Product Design My Artwork
Solar Power
Sustainable Living  
Engineering for Artists
Levitation Kit
Solar Hot Water Chevy Volt
In the Media My Furniture Designs Solar Heating Thermal Windows
About Me Building a Canoe Solar Mower Wind Power Study
Contact Blog Twitter Site stats

Note this page is deliberately narrow to make it printable in portrait format.

Bookmark and Share

BUILDING INTERIOR WINDOW INSULATION PANELS


WEEKLY WORKSHOPS
Saturdays from 9:00am to noon
Round Top Farm, Damariscotta, Maine
will resume in the fall

Topher Belknap who designed these windows,
and teaches workshops on making them
is now making them to order for those who live
near in Maine.  He can also make kits to ship to
you out of state.  For more info click here.


Materials Sources
Construction overview
Assembling the frames
Applying film and weather strip
 About 30% of the heat loss in an average home is through the windows, if we can cut that in half or better it will represent a huge energy savings with a very short return on investment.
 
Small bathroom window, before and after installing panel, and detail.  White primed wood used, but actual frames can be made from natural wood to match natural windows.  Click to see bigger pictures.
 
Topher Belknap is a fellow member of the Midcoast Green Collaborative here in Maine and he came up with a very simple design for double pane thermal window panels that simply push into the widow frame with foam insulation around the edges.  Topher says that these panels will increase the R-value of your windows by around 2.3,  this will triple the insulation factor of a single pane window, and it will block all air movement through it.

The panes are made of clear polyolefin shrink film.  The simple wood frame can be constructed inexpensively from either natural or pre-primed lumber.  The net cost of material per window is around $1.25 per square foot and it takes 2 people about 40-45 minutes per window to make them up.   (Commercial versions of these windows cost over $9.00 per square foot!) These window panels serve 2 functions, improving insulation and stopping drafts.  The projected savings for single pane windows in Maine is between $4 and $10 per square foot of window per heating season, depending on your windows.  This assumes you are paying over $3.50/gallon for oil.  Drafty single pane windows will reap the most benefit from the new panels.  In more moderate climates it may take longer to recoup the investment.  You can use this tool to calculate your estimated energy savings.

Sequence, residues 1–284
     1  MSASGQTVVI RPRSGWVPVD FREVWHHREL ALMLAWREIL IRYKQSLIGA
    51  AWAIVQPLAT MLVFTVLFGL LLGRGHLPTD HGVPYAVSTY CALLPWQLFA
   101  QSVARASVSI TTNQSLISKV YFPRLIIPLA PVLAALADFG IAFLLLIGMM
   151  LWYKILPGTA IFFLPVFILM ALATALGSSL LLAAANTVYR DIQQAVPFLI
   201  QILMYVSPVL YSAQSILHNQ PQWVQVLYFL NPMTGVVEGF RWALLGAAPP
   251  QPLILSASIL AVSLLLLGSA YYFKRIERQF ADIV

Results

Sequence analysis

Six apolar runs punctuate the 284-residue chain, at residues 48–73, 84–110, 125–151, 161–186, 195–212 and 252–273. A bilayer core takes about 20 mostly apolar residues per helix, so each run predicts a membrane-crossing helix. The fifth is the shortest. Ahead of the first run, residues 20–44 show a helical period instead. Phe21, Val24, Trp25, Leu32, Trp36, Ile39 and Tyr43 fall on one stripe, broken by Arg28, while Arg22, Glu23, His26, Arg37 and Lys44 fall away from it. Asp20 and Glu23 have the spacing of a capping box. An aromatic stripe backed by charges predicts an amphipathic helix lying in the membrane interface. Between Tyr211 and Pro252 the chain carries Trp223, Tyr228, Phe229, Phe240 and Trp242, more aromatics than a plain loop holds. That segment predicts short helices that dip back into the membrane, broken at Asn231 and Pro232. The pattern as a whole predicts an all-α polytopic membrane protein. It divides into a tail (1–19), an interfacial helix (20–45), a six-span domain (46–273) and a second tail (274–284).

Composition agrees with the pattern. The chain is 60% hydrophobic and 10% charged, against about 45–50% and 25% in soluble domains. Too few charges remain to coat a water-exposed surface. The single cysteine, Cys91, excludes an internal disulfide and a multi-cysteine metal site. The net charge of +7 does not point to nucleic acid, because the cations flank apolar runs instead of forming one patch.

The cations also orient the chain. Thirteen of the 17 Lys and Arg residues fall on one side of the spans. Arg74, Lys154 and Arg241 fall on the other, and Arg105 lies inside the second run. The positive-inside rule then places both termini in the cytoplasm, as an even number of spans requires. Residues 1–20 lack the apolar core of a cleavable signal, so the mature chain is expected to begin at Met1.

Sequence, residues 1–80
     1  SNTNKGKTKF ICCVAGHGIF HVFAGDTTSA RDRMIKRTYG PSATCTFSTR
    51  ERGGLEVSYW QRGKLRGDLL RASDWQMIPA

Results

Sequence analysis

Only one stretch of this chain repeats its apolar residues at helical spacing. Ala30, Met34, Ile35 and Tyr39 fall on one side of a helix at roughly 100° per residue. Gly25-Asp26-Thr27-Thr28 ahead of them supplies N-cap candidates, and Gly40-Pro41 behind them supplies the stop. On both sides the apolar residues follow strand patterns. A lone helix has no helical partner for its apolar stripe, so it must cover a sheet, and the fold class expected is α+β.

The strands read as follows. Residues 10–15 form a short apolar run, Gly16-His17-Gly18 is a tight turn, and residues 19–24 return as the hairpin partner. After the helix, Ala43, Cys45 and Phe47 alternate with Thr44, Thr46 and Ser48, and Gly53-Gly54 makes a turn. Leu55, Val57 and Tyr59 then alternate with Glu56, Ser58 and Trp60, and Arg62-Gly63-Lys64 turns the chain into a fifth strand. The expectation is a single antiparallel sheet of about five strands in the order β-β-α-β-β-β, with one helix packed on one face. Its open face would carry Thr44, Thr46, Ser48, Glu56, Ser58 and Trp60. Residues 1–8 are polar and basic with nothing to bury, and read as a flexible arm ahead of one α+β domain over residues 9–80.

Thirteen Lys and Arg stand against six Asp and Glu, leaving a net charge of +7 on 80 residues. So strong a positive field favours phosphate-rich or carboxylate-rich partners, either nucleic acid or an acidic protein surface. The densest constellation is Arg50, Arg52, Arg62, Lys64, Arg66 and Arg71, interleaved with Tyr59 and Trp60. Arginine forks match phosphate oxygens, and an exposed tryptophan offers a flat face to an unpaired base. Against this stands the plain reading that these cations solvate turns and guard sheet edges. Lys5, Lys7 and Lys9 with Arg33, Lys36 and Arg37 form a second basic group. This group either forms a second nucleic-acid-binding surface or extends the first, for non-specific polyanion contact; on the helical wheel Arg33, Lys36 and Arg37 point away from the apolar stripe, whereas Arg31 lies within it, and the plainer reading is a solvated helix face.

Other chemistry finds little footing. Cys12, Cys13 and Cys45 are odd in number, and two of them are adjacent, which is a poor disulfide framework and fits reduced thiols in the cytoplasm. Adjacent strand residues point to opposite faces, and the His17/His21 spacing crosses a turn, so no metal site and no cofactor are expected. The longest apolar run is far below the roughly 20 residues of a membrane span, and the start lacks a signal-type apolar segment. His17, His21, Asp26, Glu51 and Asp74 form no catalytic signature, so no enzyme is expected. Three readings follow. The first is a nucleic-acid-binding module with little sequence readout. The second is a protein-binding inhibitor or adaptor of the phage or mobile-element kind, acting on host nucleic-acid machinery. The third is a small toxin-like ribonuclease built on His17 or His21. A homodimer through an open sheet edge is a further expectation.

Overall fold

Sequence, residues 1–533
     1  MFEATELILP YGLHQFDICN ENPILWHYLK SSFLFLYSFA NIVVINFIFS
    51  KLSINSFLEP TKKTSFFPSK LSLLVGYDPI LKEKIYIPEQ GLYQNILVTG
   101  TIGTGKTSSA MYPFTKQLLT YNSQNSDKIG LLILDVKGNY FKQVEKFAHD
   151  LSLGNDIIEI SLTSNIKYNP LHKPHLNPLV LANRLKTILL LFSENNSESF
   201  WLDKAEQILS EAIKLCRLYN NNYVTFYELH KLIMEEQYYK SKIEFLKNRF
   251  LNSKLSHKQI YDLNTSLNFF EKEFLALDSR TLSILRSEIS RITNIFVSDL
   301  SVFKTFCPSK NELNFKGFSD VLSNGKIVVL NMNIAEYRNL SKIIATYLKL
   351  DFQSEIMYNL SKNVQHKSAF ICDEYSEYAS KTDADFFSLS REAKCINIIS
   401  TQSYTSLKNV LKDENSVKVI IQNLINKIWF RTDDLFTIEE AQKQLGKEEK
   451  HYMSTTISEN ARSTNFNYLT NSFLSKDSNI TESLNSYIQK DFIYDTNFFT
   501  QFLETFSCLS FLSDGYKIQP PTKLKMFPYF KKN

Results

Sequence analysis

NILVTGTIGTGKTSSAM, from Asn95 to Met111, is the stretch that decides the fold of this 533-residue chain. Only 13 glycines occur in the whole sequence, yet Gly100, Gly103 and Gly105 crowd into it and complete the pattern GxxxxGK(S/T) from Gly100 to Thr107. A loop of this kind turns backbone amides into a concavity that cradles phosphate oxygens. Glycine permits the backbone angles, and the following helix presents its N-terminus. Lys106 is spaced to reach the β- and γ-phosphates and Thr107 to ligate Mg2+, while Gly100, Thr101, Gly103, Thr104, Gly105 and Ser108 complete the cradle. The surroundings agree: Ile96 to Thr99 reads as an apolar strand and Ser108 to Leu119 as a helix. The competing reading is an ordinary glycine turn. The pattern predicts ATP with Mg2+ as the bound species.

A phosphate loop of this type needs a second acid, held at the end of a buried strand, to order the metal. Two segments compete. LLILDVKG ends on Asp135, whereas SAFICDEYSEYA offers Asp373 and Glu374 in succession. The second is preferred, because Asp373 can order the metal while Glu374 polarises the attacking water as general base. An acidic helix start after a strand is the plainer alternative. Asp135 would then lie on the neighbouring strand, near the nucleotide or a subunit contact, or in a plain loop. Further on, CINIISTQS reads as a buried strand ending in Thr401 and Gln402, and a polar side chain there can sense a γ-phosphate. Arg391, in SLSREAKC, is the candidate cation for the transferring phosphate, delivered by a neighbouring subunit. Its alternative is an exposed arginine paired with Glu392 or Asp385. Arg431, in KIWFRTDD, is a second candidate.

Be advised that the panels are inexpensive in materials, but costly in time to make.  Count on investing at least 40 minutes to actually build each window.  An average home can have 10 to 20 windows.

Swap these panels out when you install and remove screen windows in the spring and fall.  Removing the screens in the fall will allow 30% more solar gain so remember to remove them and clean the windows to get as much light as possible.  Some panels can be left in place all year if desired if they are hard to get to or the window is never opened.

Materials Sources:
Use links below to purchase in bulk
what retail cost BULK cost
1X4 clear pine lumber or pre-primed Big box hardware store * $.95-1.20/ft. Ask your lumber yard for a discount many will give you a break for more than 100 feet. $.60- .95/ft.
2.6 mil 2" clear packing tape and
dispenser: $11.49

StaplesŪ Clear View Packaging Tape, Clear, 1.89" x 54.7 yds, 6 Rolls will do hundreds of windows * $16.49 StaplesŪ Clear View Packaging Tape, 54.7 yds 1.89mil 6 Rolls $16.49
Uline 2" x 55 yards 3.1 Mil Clear Carton Sealing Tape by the case or 1/2 case $3.50/
roll
Heat shrink film
ACE kit includes film and double stick tape for 1 average window
$10.99 Uline
40" x 3,500ft. 75ga Polyolefin Shrink Film Roll
$211.00
+shipping for 40lbs!
Clearmount
48" X 2600ft. roll 100 gauge Ultrafilm
$330
+shipping
1/2" wide double stick tape
ACE Hardware 1/2" wide double stick tape by the 18 ft roll

(need 2 per average window)
$6.50 Polyethylene Mounting Tape. 
From foamtapes.net
260ft rolls 1/2" wide.
12 rolls per carton (3120ft)
$112.80
3/8" X 1/2" wide open cell foam weather strip
17 ft. roll of OPEN CELL poly foam that is grey - not white!
$3.00 Ether Foam Weatherstrip Tape * From Foamtapes.net
70ft rolls of 1/2" X 1/2" foam
case of 12 rolls (840ft)
$62.76

SPECIAL OFFER KIT PACKAGE from Foamtapes.net combines above 2 items in balanced footage that saves you around $10.00.  (this is enough for around 30 average sized windows)

7 rolls Ether Foam 1/2" X 1/2" weather strip (490ft)
5 rolls 1/2" wide double stick Mounting Tape (1080ft)
Also includes:
4 Sets of Outlet Gaskets (for sealing air leakage through exterior walls)
1 Set = 1 Light switch + 3 Electrical Outlet gaskets
$78.95

* Materials notes: